In regard to personality type, the French Bulldog is well-suited for all types of owners (including both extroverts and introverts) as they are extremely kind-hearted, affectionate, and adaptable to nearly any environment. Prospective owners, however, should possess a remarkable degree of love and patience, as the Frenchie’s stubborn personality is sometimes difficult to accept and overcome (even for the most experienced of owners).

Are French Bulldogs Good with Other Pets?

Yes and no. Generally speaking, the French Bulldog tends to do well with other pets in the home. However, it is important to note that this particular breed is known to chase other pets (such as cats and small dogs) due to their jealous and competitive nature. As such, French Bulldogs should always be supervised by their owners when in the presence of other animals. To ensure proper behaviors are developed, experts agree that early socialization with your Frenchie and other household pets will go a long way towards ensuring positive relationships are established (before bad behaviors become habits).

Is the French Bulldog a Good Guard Dog?

No. While the French Bulldog will certainly try to protect their family members from harm (in the event of a break-in or criminal intrusion), their small size and stature makes them inadequate for the role of guardianship in the home. Likewise, the Frenchie is not overly territorial and aggressive, thus, hampering their overall deterrence capabilities. In spite of this though, owners will be pleased to discover that the French Bulldog often makes for a wonderful “watch dog” due to their alertness, and propensity to bark when they sense something is not right in the home (PetHelpful.com). For owners seeking a dog for protective purposes, however, they will likely be better-served by a more aggressive breed such as the Rottweiler, Doberman Pinscher, or German Shepherd (to name only a few).

An adorable French Bulldog puppy.

An adorable French Bulldog puppy.

How to Select a French Bulldog Puppy

As mentioned above, the decision to adopt a French Bulldog is a major life-decision that should never be taken lightly by prospective owners. This also applies to the selection of puppies, as great care should be taken when adopting a new dog from a breeder. When examining litters, potential owners should evaluate French Bulldog puppies with a number of things in mind. The following list includes several questions for prospective owners to consider in the puppy-selection process:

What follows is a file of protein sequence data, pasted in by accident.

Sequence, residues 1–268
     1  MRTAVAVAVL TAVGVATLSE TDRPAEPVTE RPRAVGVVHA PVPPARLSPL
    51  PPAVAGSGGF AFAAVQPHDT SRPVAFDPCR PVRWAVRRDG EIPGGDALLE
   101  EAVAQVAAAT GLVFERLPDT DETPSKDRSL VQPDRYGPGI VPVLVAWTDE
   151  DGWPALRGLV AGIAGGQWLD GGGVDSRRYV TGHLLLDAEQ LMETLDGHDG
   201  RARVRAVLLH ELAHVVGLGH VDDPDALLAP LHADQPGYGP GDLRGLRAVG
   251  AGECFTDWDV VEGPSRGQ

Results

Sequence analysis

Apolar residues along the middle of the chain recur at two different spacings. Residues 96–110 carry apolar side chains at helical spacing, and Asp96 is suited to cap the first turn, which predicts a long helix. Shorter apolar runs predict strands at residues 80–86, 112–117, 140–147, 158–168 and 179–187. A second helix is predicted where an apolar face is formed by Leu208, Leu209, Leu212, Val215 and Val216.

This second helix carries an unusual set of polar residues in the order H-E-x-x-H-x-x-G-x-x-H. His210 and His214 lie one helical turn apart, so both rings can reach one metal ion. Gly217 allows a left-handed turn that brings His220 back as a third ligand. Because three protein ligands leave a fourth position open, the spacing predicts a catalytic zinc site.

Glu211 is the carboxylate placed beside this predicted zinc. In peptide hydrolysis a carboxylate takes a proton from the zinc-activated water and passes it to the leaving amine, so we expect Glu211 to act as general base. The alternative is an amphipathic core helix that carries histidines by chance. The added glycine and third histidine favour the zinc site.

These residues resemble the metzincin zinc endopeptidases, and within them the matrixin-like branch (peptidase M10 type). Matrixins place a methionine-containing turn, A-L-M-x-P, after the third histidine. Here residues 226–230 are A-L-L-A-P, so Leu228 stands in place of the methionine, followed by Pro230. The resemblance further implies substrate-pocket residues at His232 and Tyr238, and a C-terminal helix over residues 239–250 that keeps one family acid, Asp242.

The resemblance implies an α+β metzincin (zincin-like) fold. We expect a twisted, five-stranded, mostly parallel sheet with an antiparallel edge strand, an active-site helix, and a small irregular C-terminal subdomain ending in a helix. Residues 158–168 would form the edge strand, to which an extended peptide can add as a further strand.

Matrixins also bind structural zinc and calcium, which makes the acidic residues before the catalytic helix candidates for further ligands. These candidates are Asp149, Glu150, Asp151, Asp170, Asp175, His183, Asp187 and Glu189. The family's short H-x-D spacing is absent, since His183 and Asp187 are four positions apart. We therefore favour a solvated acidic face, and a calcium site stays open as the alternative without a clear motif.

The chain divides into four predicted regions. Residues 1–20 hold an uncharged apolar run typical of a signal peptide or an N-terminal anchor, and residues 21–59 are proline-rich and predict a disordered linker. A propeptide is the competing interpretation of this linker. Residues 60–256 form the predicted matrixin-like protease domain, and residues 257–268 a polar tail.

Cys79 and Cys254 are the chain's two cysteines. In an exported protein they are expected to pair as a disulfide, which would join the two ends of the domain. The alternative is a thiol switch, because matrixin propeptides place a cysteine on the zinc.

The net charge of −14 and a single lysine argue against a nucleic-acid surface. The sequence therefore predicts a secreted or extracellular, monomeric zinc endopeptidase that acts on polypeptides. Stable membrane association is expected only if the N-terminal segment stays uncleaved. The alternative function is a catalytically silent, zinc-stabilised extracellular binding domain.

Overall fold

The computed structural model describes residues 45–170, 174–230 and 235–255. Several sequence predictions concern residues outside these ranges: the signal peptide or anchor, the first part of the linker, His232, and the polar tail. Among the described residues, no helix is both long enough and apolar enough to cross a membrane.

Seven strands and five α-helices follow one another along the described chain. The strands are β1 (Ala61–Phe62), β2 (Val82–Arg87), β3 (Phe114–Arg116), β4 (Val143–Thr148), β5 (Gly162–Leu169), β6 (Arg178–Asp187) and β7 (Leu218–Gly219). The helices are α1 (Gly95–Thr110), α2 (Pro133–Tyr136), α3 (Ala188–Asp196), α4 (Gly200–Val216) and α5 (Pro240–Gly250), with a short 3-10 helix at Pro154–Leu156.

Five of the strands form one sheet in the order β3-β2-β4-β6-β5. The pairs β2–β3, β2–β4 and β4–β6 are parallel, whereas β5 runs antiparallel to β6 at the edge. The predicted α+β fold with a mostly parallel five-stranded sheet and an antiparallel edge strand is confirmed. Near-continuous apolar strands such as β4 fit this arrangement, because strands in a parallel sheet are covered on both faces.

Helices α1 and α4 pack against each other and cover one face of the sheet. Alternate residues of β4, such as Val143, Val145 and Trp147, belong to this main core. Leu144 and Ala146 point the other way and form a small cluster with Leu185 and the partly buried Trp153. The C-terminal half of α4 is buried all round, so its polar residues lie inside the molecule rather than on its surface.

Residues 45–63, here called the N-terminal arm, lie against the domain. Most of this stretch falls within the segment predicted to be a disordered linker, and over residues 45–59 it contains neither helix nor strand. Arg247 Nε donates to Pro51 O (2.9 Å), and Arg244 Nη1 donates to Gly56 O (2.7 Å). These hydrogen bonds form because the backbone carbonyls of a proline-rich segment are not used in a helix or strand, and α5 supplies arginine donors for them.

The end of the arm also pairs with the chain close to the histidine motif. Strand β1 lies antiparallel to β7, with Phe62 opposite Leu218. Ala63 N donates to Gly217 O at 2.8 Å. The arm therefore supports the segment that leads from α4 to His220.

• How social (and interactive) is the Frenchie puppy you are interested in?
  • Does the puppy actively try to sniff your hand, or cower in fear when approached?
  • Does the puppy you are interested in play well with their brothers and sisters?
  • Is the Frenchie puppy prone to roughhousing and more aggressive behaviors? Do they growl when you are near, or try to cover you in kisses?

These are just a few of the questions individuals should consider before selecting a French Bulldog puppy, as these items reveal a great deal of the dog’s personality and temperament that will be dominant for the remainder of their lives. As one might expect, there are no “right” or “wrong” answers to these questions as they are geared towards ensuring your new puppy possesses a personality that mimics your own (thus, ensuring your new companion is a good fit for you and your home).

Finally, and perhaps most importantly, always ask breeders for health clearances which helps to prove that each puppy has been cleared for various health conditions. This includes asking breeders for a verification of vaccination records, results from a four-panel DNA test (which provide details pertaining to the puppy’s susceptibility to degenerative myelopathy (DM), hyperuricosuria (HUU), juvenile hereditary cataract (JHC), and “canine multifocal retinopathy 1”), as well as OFA (Orthopedic Foundation for Animals) and CERF (Canine Eye Registry Foundation) certificates that prove your potential puppy possesses no hip or retinal issues. Not only does this ensure that you are getting a healthy puppy, but it also helps prove that the seller is a responsible breeder who cares for the health and safety of their animals (PetHelpful.com).

How Much Does a French Bulldog Cost?